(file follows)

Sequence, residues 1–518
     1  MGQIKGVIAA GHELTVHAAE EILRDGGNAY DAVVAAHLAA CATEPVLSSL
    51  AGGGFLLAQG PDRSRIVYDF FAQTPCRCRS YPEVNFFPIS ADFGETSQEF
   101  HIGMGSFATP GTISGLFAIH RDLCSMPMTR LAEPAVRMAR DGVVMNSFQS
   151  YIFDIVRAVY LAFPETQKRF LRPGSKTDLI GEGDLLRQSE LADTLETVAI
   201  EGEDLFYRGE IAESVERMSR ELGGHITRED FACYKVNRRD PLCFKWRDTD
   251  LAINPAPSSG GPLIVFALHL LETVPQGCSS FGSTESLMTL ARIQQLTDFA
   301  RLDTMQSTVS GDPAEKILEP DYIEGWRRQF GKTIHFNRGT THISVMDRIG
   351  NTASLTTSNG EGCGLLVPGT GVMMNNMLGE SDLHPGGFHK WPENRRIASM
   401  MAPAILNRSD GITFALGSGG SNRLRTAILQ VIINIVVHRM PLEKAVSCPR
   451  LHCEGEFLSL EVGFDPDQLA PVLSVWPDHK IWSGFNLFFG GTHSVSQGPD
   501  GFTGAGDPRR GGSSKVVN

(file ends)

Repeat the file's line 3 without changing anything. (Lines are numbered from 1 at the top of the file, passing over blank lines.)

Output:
    51  AGGGFLLAQG PDRSRIVYDF FAQTPCRCRS YPEVNFFPIS ADFGETSQEF